The Jourbinas went underground when they realized there was no way for them to gain legal status. One day immigration officers arrived to try to deport the family. All four have been fighting for recognition from the U.S. government ever since.
Natalia Jourbina thought the Facebook update from her little sister at her nearby Bronx apartment was a joke: “Arrested,” it said.
It wasn’t. Before long, immigration authorities had arrived at Jourbina’s Bronx apartment too. They slapped on handcuffs and led her to a waiting car, where her mom and dad – Tatiana and Boris – and her sister Polina were already shackled.
It was October 23, 2009. Since then, the members of the Jourbina family have been involved in a one-of-a-kind legal fight, trying to get the government to recognize their unique status as vulnerable stateless people. But they fear they could forever be in legal limbo.
The family came to the United States in the early 1990s on Soviet passports, fleeing what Boris, 66, Tatiana, 51, Natalia, 31 and Polina, 25 say was discrimination against ethnic Russians in Kazakhstan and threats of death. But immigration officials said they didn’t meet the high standard of persecution necessary to gain asylum. Their petition was rejected and the Jourbinas couldn’t renew their Soviet passports to leave the country.
So like many stateless people in the United States, the Journbinas simply went underground. Polina continued with her education and went to college. Natalia became a manager at a local clothing shop.
Then in 2009, the immigration authorities arrived. Officials have since tried to deport the family to Kazakhstan and Russia, but failed. The Russian government says the Chechnyan birth records of Boris, 66, and Tatiana 51, were destroyed in armed conflict, meaning there is no proof of their Russian citizenship. The Kazakh government says that because the Jourbinas never registered with the Kazakh consulate in the United States, the entire family has been stripped of its citizenship.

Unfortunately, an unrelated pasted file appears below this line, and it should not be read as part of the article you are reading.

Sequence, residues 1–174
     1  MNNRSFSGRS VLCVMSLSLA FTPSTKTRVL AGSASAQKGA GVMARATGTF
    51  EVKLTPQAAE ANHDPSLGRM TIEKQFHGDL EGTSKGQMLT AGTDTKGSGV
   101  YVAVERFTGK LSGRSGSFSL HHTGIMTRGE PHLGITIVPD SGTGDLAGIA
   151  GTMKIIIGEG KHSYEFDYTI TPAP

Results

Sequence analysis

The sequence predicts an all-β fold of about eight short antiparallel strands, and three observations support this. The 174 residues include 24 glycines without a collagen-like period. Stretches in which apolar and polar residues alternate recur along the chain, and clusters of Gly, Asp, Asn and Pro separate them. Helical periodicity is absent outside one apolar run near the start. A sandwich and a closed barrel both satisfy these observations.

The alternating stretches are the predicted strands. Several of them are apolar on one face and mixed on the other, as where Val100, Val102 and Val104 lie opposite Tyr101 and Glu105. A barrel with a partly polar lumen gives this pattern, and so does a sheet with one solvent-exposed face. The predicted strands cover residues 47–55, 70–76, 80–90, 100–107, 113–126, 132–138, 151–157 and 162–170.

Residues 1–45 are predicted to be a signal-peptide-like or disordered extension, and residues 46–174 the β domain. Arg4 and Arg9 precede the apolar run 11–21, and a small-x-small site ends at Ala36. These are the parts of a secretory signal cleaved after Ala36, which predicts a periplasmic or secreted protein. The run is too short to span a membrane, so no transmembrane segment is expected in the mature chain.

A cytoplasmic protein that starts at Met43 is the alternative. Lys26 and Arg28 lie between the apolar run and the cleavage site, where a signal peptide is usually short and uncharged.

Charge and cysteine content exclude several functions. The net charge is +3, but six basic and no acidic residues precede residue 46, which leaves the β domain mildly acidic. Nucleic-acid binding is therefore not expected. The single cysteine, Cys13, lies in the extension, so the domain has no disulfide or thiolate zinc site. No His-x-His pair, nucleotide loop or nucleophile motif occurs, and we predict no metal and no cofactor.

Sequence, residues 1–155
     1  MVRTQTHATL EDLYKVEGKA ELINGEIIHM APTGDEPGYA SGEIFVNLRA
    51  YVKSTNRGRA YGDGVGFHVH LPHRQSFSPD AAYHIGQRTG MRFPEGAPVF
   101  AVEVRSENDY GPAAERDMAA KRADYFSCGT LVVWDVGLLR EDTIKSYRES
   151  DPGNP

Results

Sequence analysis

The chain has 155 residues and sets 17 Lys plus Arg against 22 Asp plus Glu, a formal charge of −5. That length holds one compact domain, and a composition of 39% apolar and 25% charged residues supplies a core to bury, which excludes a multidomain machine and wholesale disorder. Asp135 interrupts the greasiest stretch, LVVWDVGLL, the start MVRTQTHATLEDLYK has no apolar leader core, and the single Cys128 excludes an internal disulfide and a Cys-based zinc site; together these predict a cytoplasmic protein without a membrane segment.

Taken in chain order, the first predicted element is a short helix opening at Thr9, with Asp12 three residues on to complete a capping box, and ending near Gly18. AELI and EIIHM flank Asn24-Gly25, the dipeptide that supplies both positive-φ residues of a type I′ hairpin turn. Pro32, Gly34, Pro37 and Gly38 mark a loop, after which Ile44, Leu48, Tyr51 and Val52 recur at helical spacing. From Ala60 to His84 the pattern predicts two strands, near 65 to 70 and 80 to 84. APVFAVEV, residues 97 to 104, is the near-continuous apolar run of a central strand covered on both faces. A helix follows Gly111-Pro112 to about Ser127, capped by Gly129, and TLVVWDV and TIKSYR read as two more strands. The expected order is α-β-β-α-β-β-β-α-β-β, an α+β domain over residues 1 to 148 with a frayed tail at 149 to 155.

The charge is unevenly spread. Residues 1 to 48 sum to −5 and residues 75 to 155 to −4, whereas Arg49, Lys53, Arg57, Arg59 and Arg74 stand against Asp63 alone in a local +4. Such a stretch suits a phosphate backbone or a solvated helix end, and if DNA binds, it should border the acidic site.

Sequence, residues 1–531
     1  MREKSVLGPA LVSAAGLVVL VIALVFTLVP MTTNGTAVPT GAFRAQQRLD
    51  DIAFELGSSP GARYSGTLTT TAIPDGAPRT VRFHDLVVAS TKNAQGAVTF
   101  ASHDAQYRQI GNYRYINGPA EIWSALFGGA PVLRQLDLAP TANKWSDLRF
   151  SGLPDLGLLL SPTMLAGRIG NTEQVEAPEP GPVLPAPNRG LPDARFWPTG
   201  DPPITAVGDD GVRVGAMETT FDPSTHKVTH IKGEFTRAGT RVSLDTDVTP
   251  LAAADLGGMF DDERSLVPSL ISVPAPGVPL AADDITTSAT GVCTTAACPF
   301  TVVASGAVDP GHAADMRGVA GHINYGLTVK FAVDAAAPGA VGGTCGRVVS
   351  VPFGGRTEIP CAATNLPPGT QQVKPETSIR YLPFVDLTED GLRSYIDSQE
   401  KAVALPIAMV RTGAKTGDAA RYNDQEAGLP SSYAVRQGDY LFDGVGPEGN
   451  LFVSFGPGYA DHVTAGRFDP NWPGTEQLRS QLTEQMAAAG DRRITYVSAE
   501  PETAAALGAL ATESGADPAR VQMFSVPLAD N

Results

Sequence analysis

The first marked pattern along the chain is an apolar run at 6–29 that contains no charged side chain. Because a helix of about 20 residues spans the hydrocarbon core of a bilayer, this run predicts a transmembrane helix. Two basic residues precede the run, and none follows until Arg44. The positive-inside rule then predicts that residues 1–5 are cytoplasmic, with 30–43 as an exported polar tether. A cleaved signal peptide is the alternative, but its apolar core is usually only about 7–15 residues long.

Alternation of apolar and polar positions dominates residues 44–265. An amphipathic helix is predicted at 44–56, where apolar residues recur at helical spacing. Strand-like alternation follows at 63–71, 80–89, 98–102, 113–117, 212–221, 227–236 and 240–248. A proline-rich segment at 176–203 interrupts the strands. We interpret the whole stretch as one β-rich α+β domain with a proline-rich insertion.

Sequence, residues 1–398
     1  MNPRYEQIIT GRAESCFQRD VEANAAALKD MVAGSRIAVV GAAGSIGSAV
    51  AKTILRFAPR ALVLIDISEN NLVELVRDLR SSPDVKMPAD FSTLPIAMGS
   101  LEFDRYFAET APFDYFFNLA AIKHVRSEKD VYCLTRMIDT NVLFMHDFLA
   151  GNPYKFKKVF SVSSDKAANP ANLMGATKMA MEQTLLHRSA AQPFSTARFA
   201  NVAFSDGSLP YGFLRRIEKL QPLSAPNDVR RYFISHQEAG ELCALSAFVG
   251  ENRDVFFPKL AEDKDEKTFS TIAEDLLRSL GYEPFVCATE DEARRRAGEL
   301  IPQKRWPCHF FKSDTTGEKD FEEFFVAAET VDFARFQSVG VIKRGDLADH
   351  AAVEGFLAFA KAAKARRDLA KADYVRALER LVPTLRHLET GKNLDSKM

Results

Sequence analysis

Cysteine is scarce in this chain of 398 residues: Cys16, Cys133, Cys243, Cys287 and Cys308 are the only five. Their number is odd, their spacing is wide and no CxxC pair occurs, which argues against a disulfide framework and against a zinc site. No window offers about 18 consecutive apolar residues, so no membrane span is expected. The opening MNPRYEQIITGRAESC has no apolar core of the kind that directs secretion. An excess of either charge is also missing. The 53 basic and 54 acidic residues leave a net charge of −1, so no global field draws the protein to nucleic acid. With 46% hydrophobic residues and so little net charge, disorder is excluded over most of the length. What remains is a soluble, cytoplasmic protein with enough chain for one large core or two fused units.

That leaves all four stateless. Although not being held in immigration detention, they are forced to constantly check in with immigration officials and are given a discretionary work permit. Like most stateless people in this situation, because they can’t get travel documents they also can’t leave the United States. “It’s like we don’t exist,” says Polina. “We are just nothing in the system. Nobody even sees us as real people.”
Last year pro-bono lawyers from Catholic Charities managed to reopen the asylum case in federal court after arguing that judges previously followed incorrect procedure. They think this is a groundbreaking case that could open the way for other stateless people to gain asylum. But it could take years before the situation is decided. In the meantime the family lives in limbo.
Natalia is hoping to get permanent residency and eventually citizenship. But although she’s been married to an American citizen since 2007, that isn’t simple either. Officials say she must leave the country and re-enter it to be considered, because she previously failed to follow the deportation order.
“How am I supposed to do that?” she asks. “I can’t even get a travel document.” Says her mother, Tatiana: “I see no future for us. I see this continuing forever.”